Cadillac’s Celestiq EV is going all in on 3D printed parts

In theory, Cadillac’s use of 3D printing could mean lower prices and more reliable delivery times for consumers.

3D printing isn’t just a niche anymore, and Cadillac is here to prove it. The automaker is the latest company to advance the trend of 3D printed car parts with the Celestiq — its flagship electric vehicle that includes more than 100 different 3D printed parts.

The Cadillac Celestiq will include more than 100 3D printed parts.Cadillac

Cadillac said that figure includes 3D printed plastic and metal parts that are both structural and cosmetic elements. That’s far more than its CT4-V and the CT5-V, which only had its emblem along with some HVAC and transmission parts 3D printed.

Cadillac’s decision to include so many 3D printed parts could be a preview of how the auto industry takes advantage of the technology in the future. If that’s the case, we’re hoping that the savings from 3D printing car parts means lower price tags for consumers.

A new standard — If you look at the hobbyist level, 3D printing has definitely saved DIY folks a few bucks here and there by printing replacement parts for when something breaks. On a commercial level, Cadillac’s parent company GM said that it’s saved a non-trivial amount of money — as much as $300,000 as reported by 3D Printing Industry.

The 3D printed parts in the Celestiq EV include structural and cosmetic parts.Cadillac

For the Cadillac Celestiq, GM is fairly invested, funneling $81 million towards its Global Technical Center to outfit the factory for assembling the flagship EV. The Celestiq is actually the first production vehicle to be built at the campus since it was inaugurated in 1956.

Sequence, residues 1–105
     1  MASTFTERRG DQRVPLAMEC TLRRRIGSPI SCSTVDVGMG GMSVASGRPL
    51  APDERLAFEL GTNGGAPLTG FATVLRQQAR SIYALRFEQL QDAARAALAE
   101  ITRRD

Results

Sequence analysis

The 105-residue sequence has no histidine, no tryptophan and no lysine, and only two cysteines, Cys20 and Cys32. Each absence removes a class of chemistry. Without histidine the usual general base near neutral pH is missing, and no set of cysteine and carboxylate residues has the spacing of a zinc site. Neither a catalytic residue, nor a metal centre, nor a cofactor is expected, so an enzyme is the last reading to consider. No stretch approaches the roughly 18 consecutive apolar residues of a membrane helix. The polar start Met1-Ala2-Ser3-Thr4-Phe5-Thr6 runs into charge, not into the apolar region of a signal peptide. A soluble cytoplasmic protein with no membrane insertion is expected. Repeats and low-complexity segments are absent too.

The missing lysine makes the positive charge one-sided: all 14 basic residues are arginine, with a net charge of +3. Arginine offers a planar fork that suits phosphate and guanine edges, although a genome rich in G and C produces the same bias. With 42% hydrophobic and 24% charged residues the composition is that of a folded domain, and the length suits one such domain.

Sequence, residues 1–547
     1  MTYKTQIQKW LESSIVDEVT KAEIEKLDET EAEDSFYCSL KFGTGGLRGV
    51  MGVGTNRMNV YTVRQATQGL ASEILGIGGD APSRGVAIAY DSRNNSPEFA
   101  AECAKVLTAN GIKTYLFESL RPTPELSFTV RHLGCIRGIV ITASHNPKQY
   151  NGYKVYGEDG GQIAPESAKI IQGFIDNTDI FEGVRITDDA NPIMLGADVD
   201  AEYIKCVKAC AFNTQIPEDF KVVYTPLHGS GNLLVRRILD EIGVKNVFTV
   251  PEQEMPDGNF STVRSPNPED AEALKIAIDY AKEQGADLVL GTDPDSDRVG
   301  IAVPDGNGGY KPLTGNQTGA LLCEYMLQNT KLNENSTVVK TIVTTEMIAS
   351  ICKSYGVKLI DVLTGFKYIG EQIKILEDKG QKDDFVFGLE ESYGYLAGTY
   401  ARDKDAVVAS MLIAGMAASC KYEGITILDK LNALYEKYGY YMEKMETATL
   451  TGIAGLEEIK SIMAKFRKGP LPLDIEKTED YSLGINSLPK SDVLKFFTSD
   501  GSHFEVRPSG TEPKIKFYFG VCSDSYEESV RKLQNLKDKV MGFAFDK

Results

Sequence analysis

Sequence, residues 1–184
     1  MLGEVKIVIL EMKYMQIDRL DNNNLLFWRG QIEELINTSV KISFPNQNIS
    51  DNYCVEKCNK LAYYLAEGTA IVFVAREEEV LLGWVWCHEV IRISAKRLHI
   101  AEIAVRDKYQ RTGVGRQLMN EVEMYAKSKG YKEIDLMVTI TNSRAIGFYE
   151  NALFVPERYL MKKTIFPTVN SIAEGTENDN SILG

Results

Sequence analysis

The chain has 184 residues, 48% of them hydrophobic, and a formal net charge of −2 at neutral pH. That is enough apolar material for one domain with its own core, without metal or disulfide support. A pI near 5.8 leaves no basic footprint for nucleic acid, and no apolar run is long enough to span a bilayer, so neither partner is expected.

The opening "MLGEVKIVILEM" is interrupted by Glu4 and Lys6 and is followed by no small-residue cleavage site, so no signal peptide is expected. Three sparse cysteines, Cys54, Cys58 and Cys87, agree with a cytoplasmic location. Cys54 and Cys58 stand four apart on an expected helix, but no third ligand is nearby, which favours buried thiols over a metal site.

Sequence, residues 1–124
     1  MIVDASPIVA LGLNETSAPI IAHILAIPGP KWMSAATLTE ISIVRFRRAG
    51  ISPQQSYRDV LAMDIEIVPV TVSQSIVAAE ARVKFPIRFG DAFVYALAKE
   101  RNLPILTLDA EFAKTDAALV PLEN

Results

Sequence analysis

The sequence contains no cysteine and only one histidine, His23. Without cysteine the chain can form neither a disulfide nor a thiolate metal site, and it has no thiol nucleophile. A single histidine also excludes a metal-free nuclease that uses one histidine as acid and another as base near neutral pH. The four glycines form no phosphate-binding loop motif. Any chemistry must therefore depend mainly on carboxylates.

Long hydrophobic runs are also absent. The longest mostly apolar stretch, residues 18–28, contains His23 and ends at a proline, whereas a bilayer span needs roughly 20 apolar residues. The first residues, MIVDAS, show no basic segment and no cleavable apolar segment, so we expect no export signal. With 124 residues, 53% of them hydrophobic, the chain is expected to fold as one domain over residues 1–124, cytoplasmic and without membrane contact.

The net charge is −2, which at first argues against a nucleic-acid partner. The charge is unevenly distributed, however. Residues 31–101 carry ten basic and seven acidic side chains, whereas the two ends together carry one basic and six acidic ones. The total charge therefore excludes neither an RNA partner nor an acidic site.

A push toward using 3D printed parts could mean fewer delays since there’s less interaction with parts suppliers. Other companies like Audi, BMW, and Ford have also adopted 3D printing in one form or another. As consumers, 3D printing parts could theoretically translate to cheaper vehicles, but more realistically, automakers may take the opportunity to squeeze more profits out of each vehicle.

More or less — In addition to the push toward 3D printing, Cadillac’s flagship EV incorporates novel features like a four-quadrant roof that lets each passenger set their own level of roof transparency and a pillar-to-pillar freeform display with privacy measures designed to keep drivers distraction-free.

As for the Celestiq specifically, we still don’t have any pricing details. Cadillac said the show car for the Celestiq will debut in late July, with more images arriving throughout the summer.